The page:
Emily Cousins, Consultant
Last week, on February 21st, we hosted our first celebration of International Mother Language Day here at the U of L Writing Center.
I first found out about International Mother Language Day a few years ago, and I wish I’d known about it earlier. The UN Educational, Scientific and Cultural Organization (UNESCO) officially declared International Mother Language Day in 1999, and since then, countries worldwide have celebrated annually to promote multiculturalism, intercultural communication and linguistic diversity. February 21st was chosen for its historical significance, to commemorate the day in 1952 when university students in Bangladesh were killed by police while demonstrating for their rights to speak Bangla, their mother tongue. UNESCO is also committed to raising awareness about preserving endangered languages that are at risk of disappearing altogether. The 2017 theme was “Towards Sustainable Futures through Multilingual Education.”
In preparation for our event, we decorated using color printouts from an art series by Ella Frances Sanders featuring words in different languages that do not have direct translations in English (see her book here). We also set up a table with language trivia, and a poster on which participants could write in response to the question, “What do you love about your mother language?”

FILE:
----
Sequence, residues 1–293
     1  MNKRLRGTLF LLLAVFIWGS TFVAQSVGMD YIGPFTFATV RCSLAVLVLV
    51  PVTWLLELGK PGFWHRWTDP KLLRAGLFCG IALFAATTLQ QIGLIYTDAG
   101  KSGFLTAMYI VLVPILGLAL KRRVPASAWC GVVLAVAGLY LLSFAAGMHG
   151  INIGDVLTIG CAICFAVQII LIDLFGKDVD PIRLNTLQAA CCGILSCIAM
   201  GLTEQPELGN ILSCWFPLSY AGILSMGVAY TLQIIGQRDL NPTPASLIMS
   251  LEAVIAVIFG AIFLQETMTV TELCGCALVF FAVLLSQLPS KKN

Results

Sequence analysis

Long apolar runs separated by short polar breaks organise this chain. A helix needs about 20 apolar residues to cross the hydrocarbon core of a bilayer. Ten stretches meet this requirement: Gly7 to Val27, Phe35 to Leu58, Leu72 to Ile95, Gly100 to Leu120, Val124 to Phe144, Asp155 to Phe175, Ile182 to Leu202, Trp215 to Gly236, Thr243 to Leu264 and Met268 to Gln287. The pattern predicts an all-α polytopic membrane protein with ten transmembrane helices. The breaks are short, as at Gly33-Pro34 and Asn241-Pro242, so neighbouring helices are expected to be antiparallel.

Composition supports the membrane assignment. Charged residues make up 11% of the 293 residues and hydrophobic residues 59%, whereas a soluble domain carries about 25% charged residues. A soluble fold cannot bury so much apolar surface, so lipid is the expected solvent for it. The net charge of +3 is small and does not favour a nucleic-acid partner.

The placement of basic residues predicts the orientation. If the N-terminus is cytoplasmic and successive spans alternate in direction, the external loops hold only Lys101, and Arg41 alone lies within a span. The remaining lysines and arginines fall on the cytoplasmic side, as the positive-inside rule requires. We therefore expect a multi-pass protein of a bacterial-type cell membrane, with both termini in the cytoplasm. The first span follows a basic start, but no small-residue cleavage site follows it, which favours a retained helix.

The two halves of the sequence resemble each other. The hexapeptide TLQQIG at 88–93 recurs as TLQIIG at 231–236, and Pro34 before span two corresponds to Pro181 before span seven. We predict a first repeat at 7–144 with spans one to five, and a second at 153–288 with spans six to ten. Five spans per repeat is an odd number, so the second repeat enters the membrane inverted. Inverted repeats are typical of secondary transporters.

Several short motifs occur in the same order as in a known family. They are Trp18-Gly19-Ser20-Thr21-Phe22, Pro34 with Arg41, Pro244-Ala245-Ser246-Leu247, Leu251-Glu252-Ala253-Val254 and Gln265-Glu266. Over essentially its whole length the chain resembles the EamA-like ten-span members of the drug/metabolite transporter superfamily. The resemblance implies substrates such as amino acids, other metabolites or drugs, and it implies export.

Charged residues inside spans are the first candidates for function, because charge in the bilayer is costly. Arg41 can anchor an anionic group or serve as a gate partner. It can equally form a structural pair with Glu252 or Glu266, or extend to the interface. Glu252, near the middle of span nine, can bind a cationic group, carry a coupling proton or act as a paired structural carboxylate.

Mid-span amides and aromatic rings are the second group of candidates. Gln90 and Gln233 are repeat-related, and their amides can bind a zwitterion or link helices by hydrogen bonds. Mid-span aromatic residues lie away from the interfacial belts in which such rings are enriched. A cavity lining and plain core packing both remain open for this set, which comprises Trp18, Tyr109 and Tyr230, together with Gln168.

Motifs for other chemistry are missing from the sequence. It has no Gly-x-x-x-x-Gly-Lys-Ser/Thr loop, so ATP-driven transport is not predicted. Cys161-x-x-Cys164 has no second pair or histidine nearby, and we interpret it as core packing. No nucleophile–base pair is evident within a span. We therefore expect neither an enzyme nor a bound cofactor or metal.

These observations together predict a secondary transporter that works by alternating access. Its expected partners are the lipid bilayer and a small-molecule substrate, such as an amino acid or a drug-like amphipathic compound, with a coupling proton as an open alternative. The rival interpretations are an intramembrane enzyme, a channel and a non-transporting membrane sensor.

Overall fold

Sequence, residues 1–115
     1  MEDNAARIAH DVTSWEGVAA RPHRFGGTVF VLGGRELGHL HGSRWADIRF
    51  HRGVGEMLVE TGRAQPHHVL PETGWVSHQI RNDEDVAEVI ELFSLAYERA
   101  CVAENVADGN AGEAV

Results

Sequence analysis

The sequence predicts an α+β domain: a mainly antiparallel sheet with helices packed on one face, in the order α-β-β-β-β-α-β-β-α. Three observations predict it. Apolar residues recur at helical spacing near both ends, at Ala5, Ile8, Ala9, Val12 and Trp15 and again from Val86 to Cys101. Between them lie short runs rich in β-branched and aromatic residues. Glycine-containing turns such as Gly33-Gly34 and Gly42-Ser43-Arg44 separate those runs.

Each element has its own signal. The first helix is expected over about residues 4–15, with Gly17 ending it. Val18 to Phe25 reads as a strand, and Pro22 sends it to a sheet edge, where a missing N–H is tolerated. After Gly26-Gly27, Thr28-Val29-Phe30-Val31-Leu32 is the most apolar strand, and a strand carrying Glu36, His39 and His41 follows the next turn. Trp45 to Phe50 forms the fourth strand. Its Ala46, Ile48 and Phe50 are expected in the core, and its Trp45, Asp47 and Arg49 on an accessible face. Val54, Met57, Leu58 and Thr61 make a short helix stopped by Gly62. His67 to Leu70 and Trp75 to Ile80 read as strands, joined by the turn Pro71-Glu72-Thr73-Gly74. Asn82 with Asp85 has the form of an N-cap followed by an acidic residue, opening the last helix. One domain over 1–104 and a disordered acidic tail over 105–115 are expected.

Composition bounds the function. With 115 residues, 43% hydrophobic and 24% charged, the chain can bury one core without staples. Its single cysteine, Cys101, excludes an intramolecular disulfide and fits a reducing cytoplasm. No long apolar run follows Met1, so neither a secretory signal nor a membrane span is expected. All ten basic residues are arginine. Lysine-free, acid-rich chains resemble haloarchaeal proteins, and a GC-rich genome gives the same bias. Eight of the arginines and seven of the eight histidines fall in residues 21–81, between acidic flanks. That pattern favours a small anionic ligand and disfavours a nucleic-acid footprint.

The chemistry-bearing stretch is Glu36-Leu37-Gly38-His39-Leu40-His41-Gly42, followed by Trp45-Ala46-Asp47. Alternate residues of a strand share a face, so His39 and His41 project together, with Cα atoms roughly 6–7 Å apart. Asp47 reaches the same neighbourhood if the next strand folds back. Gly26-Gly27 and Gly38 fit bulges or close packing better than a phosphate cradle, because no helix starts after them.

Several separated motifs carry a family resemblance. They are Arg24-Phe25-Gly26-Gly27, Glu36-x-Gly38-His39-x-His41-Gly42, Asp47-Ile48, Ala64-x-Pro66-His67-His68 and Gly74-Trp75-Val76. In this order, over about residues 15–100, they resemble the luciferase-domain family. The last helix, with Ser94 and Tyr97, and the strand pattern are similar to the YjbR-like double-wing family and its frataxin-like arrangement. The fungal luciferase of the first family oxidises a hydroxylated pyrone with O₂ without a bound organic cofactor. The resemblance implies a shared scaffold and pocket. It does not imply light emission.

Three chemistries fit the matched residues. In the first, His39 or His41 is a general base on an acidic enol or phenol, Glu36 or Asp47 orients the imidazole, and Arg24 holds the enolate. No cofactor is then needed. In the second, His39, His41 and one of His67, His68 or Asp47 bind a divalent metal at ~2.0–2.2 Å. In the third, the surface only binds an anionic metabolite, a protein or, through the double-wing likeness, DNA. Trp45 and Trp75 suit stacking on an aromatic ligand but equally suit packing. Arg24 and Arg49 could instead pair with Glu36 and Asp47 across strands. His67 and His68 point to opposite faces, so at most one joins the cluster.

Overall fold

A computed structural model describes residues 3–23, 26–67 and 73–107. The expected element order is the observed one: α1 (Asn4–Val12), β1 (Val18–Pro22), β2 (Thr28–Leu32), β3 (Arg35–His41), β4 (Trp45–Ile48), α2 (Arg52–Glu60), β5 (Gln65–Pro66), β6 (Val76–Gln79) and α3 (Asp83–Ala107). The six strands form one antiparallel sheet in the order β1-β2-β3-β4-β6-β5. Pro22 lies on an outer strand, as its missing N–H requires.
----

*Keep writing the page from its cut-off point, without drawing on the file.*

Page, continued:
During the event, which took place from 2-4pm, nine student volunteers gave presentations about their mother language(s). The languages represented were Japanese, Mongolian, Korean, Bengali, Kazakh, Russian, Arabic, Spanish and Filipino. Presenters used Powerpoint, showed Youtube clips, played song recordings, and used the whiteboard to share about their mother languages. Audience members got a sense of what the languages sound like when spoken, as well as what the scripts look like in writing. The presentations were highly interactive, with participants inviting each other to practice saying different words aloud.
I found myself truly inspired that day, seeing each volunteer speak in and about their mother language(s) with such enthusiasm, and also watching members of the audience raising their hands, asking questions, requesting presenters to repeat things or write words on the board. It’s this type of openly curious interaction and dialogue that I think can partly give rise to a sense of community we talk about and think about—often, unfortunately, in the abstract. As I reflect on the event, I think it was successful not just because of the diversity of cultures and languages represented, but also, more importantly, because participants were so actively engaged, eager to teach others and learn new things.
At the Writing Center, we tutors are constantly learning from the writers we work with – but not always as much as we’d like. 50 minutes goes by pretty fast. The cultural exchange that we’d ideally hope to foster often gets sidelined in the face of a looming deadline. This is why I think all Writing Centers should observe International Mother Language Day every February 21st, to take some time to look up from our day-to-day routines and learn more about the cultures and languages of the students we work with. Writing from the perspective of a Writing Center tutor and someone whose mother language is not English, I think curiosity goes such a long way in creating truly inclusive spaces – and celebrating International Mother Language Day is a perfect opportunity to create such a space.
Thank you to all the student participants for their wonderful presentations, and to those who attended and contributed to making the event a success. I’d also like to extend a thank you to the International Center office and OASIS staff, who helped publicize the event.
See you again next year!